On immigration, the white working class is fearful

Although a few political analysts have been focusing on the white working class for years, it is only in response to the rise of Donald Trump that this large group of Americans has begun to receive the attention it deserves. Now, thanks to a comprehensive survey that the Public Religion Research Institute (PRRI) undertook in collaboration with the Brookings Institution, we can speak with some precision about the distinctive attitudes and preferences of these voters.

There are different ways of defining the white working class. Along with several other survey researchers, PRRI defines this group as non-Hispanic whites with less than a college degree, with the additional qualification of being paid by the hour or by the job rather than receiving a salary. No definition is perfect, but this one works pretty well. Most working-class whites have incomes below $50,000; most whites with BAs or more have incomes above $50,000. Most working-class whites rate their financial circumstances as only fair or poor; most college educated whites rate their financial circumstances as good or excellent. Fifty-four percent of working-class whites think of themselves as working class or lower class, compared to only 18 percent of better-educated whites.

The PRRI/Brookings study finds that in many respects, these two groups of white voters see the world very differently. For example, 54 percent of college-educated whites think that America’s culture and way of life have improved since the 1950s; 62 percent of white working-class Americans think that it has changed for the worse. Sixty-eight percent of working-class whites, but only 47 percent of college-educated whites, believe that the American way of life needs to be protected against foreign influences. Sixty-six percent of working-class whites, but only 43 percent of college-educated whites, say that discrimination against whites has become as big a problem as discrimination against blacks and other minorities. In a similar vein, 62 percent of working-class whites believe that discrimination against Christians has become as big a problem as discrimination against other groups, a proposition only 38 percent of college educated whites endorse.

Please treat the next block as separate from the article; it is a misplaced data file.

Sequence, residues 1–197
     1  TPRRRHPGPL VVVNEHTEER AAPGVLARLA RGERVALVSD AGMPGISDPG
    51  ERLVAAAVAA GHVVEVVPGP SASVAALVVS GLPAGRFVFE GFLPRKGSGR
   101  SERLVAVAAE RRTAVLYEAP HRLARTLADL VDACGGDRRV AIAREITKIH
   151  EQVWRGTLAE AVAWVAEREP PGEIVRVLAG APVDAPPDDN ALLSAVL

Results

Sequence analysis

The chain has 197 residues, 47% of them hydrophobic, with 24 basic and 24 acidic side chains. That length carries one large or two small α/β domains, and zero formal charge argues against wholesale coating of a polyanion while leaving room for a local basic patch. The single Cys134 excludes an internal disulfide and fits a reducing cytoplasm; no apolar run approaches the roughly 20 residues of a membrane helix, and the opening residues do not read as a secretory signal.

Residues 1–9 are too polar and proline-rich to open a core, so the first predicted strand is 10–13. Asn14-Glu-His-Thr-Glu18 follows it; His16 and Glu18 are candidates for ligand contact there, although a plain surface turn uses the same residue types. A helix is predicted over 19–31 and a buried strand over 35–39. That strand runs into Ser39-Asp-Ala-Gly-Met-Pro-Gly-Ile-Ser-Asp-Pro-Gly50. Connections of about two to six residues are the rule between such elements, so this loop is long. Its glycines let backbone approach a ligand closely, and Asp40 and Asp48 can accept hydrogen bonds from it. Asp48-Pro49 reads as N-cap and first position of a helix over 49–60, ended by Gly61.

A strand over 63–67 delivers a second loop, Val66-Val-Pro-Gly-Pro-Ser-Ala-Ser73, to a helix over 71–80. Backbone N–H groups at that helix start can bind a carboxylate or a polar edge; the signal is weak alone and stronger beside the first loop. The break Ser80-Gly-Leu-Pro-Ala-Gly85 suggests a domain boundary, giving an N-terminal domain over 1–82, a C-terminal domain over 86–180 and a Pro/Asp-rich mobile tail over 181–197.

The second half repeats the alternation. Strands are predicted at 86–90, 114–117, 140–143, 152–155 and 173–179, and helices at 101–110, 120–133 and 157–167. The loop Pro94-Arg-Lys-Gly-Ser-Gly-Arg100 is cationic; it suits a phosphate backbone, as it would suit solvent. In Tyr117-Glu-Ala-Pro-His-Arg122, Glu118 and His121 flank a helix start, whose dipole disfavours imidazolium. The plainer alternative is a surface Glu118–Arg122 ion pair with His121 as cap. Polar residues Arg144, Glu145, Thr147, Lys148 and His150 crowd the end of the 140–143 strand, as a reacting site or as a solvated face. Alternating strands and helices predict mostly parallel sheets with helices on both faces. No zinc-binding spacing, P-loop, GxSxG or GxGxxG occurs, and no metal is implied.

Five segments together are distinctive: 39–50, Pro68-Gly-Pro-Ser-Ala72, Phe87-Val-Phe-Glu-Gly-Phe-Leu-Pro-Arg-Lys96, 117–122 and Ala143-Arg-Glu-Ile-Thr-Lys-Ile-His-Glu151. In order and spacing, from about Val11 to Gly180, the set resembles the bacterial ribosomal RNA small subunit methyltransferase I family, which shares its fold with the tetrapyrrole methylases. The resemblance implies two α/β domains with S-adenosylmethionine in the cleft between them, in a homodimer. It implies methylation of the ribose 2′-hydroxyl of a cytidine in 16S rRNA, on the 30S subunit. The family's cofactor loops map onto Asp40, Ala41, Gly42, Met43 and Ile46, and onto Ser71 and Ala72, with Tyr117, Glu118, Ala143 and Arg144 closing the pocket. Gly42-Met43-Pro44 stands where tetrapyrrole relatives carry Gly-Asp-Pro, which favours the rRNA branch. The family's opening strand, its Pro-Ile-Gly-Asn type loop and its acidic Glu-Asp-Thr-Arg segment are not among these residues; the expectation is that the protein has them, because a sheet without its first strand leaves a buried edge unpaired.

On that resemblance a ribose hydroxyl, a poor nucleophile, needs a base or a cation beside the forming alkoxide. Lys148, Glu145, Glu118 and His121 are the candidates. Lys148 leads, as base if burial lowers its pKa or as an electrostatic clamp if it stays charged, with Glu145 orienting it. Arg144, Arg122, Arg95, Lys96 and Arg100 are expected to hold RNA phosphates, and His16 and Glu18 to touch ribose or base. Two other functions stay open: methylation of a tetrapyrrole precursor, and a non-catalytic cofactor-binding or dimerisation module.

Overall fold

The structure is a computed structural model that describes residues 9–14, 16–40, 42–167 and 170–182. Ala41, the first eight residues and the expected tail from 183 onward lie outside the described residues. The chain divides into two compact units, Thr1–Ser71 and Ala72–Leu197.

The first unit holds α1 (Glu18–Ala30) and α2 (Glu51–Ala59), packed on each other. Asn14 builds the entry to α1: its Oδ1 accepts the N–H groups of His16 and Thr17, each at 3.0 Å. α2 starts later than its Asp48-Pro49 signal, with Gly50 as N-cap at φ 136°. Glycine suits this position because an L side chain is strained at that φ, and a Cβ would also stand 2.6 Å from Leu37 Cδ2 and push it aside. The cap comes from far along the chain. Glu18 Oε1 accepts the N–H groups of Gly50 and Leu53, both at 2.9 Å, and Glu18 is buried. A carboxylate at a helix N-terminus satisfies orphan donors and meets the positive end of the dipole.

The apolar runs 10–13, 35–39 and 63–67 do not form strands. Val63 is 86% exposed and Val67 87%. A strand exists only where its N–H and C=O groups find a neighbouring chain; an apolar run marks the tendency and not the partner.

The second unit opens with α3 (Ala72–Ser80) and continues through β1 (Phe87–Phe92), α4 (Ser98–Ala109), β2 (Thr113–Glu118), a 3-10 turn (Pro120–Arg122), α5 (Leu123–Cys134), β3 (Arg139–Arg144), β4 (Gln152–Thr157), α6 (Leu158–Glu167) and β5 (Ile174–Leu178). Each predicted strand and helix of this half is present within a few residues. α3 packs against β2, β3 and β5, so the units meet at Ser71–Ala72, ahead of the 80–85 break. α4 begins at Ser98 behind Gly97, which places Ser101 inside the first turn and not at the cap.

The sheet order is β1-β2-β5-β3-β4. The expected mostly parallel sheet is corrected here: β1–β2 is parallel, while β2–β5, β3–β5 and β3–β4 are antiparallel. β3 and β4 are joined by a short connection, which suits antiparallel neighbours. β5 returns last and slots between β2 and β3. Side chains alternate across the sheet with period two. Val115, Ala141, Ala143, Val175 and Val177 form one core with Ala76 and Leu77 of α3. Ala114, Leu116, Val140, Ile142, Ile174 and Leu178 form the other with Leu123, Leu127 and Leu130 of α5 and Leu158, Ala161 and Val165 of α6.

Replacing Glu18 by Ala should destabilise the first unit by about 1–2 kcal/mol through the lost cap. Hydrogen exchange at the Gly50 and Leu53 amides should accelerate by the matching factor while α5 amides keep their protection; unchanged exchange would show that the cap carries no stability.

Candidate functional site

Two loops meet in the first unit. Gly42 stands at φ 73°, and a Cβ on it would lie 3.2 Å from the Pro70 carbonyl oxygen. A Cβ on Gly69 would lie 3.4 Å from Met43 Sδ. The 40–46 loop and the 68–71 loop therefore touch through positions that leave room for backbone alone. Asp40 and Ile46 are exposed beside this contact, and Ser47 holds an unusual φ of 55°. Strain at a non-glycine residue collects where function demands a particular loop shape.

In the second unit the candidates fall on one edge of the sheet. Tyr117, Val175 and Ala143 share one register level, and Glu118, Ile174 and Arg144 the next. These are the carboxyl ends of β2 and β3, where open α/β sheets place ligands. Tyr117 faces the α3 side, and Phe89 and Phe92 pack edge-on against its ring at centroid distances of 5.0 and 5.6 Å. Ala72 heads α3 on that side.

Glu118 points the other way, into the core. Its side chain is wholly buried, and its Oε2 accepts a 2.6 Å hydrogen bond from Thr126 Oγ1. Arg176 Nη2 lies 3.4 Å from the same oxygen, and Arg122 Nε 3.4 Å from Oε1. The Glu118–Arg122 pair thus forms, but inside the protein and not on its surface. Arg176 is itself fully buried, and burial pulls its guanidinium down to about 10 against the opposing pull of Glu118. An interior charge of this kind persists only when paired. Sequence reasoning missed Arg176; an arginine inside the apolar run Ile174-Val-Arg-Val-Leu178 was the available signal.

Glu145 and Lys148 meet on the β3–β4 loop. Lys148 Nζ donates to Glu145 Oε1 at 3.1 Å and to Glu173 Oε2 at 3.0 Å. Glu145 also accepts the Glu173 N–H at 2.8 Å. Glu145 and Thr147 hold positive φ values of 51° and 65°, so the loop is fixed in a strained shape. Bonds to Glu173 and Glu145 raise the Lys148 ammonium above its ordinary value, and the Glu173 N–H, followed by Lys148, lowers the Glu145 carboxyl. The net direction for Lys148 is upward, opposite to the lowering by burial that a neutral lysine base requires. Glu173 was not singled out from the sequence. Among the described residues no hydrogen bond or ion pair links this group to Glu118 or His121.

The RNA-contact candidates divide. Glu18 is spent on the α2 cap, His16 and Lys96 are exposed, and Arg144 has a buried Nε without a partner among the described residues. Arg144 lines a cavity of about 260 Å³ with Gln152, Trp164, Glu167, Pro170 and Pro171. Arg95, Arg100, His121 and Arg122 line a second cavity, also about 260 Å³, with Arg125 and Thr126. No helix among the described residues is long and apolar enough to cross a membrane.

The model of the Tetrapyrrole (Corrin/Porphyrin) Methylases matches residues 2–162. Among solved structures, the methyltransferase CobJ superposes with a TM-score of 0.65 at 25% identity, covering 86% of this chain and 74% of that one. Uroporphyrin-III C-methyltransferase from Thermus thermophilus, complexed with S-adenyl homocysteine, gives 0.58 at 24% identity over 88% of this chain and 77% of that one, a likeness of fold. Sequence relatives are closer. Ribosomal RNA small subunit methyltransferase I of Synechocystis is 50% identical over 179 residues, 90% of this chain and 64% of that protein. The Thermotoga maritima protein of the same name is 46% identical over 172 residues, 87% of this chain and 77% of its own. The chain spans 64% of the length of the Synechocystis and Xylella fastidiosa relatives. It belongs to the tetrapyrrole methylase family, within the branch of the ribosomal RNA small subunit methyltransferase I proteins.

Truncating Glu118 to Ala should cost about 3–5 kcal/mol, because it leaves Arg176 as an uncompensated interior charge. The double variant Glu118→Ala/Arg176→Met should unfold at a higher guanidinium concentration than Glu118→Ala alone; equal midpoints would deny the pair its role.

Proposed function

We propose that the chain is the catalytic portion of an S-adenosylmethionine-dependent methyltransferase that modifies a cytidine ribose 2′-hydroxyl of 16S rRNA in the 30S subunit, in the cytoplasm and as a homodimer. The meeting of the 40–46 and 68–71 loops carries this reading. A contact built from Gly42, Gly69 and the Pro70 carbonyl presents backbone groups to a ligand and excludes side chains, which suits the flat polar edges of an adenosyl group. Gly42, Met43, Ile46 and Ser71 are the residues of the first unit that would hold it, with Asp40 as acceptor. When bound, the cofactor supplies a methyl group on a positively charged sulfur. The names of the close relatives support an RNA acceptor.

This brings us to the issue of immigration. By a margin of 52 to 35 percent, college-educated whites affirm that today’s immigrants strengthen our country through their talent and hard work. Conversely, 61 percent of white working-class voters say that immigrants weaken us by taking jobs, housing, and health care. Seventy-one percent of working-class whites think that immigrants mostly hurt the economy by driving down wages, a belief endorsed by only 44 percent of college-educated whites. Fifty-nine percent of working-class whites believe that we should make a serious effort to deport all illegal immigrants back to their home countries; only 33 percent of college-educated whites agree. Fifty-five percent of working-class whites think we should build a wall along our border with Mexico, while 61 percent of whites with BAs or more think we should not. Majorities of working-class whites believe that we should make the entry of Syrian refugees into the United States illegal and temporarily ban the entrance of non-American Muslims into our country; about two-thirds of college-educated whites oppose each of these proposals.

Opinions on trade follow a similar pattern. By a narrow margin of 48 to 46 percent, college-educated whites endorse the view that trade agreements are mostly helpful to the United States because they open up overseas markets while 62 percent of working-class whites believe that they are harmful because they send jobs overseas and drive down wages.

It is understandable that working-class whites are more worried that they or their families will become victims of violent crime than are whites with more education. After all, they are more likely to live in neighborhoods with higher levels of social disorder and criminal behavior. It is harder to explain why they are also much more likely to believe that their families will fall victim to terrorism. To be sure, homegrown terrorist massacres of recent years have driven home the message that it can happen to anyone, anywhere. We still need to explain why working-class whites have interpreted this message in more personal terms.

The most plausible interpretation is that working-class whites are experiencing a pervasive sense of vulnerability. On every front—economic, cultural, personal security—they feel threatened and beleaguered. They seek protection against all the forces they perceive as hostile to their cherished way of life—foreign people, foreign goods, foreign ideas, aided and abetted by a government they no longer believe cares about them. Perhaps this is why fully 60 percent of them are willing to endorse a proposition that in previous periods would be viewed as extreme: the country has gotten so far off track that we need a leader who is prepared to break so rules if that is what it takes to set things right.